(CNN)The stakes are enormous. More than 250,000 people have died in Syria in the past five years. Half the country has been uprooted and fled. And unless drastic changes happen soon, the death and destruction will continue unabated.
Syria's cessation of hostilities, explained
Midnight Friday could be a game-changing point in the Syrian civil war. That's when a "cessation of hostilities" is set to go into effect.
Here are some questions and answers about the proposed peace plan:
There are distinctions between a ceasefire, a cessation of hostilities and a truce. Unless you're a peacekeeper or international lawyer, however, the differences aren't that clear.
Colloquially, these terms are used interchangeably to describe an agreement to stop fighting. In international diplomacy, a ceasefire is more formal than a cessation of hostilities.
A cessation of hostilities implies a temporary halt in fighting, is usually nonbinding and commonly happens at the start of a peace process.
A ceasefire refers to a stoppage of violence that is tied to the framework of a peace process that is being negotiated.
The current deal in Syria is a cessation of hostilities.
The text of the agreement calls for President Bashar al-Assad's regime and the Syrian opposition groups to confirm by Friday at noon Damascus time that they intend to abide by the agreement.
There are other groups fighting inside Syria to whom the agreement does not apply. Terrorist groups, including ISIS and al-Nusra, are not included in the deal. Military operations against them will continue.
U.S. Secretary of State John Kerry said "a significant benefit" of the plan to cease hostilities is that it might "speed up the destruction" of ISIS.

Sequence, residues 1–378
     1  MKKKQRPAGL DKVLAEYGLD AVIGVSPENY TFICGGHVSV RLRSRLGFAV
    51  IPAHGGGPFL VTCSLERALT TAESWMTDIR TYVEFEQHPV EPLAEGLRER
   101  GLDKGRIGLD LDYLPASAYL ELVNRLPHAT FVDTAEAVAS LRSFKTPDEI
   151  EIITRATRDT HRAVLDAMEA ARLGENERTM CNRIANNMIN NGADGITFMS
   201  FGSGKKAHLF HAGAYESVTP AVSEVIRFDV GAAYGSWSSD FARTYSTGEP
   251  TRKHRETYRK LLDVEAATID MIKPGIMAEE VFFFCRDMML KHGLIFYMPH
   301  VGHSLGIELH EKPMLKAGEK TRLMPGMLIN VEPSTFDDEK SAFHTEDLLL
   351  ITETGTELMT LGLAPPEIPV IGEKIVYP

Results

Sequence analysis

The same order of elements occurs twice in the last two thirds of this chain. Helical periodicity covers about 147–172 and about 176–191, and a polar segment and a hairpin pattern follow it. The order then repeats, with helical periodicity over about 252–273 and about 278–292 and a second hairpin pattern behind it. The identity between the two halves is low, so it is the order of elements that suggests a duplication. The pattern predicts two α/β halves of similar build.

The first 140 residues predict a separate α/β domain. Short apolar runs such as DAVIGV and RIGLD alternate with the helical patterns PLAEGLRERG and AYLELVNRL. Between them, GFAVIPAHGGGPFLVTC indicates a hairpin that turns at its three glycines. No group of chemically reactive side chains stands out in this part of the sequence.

Furthermore, "other terrorist organizations designated by the U.N. Security Council" are excluded from the cessation of hostilities. This is a small but important detail because there are more than 160 armed factions on the battlefield, and which of these groups fall under the umbrella of the "opposition" and which don't is open to interpretation.
It is unclear whether the United Nations has a set list of terrorist organizations, or whether the debate continues.
In short, the cessation of hostilities calls for the Syrian regime and the opposition fighters to halt attacks and implement a U.N. "road map" for peace.
Under the terms of the agreement, Russia (whose warplanes have also targeted Syrian opposition groups) will halt those airstrikes.
Both sides agree to allow humanitarian agencies access to the territories they hold, and to refrain from taking territory held by the other side.
The "road map" is U.N. Security Council Resolution 2254, which the council adopted unanimously in December.
A key part of the agreement is full implementation of U.N. Security Council Resolution 2254, "including the readiness to participate in the U.N.-facilitated political negotiation process," the document states.
This "road map" calls for a peace process where "the Syrian people will decide the future of Syria."
The resolution calls for the government and the opposition to start formal negotiations on a political transition aimed at establishing a "a credible, inclusive and nonsectarian governance" in Syria.
The Security Council resolution foresees that a formal ceasefire, a new constitution and transparent elections will be among the results of the peace negotiations.
It's no exaggeration that the lives of millions of Syrians are at stake.
As the Syrian civil war enters its fifth year, some 13.5 million people are in dire need of protection and humanitarian assistance, according to Stephen O'Brien, the U.N. undersecretary-general for Humanitarian Affairs.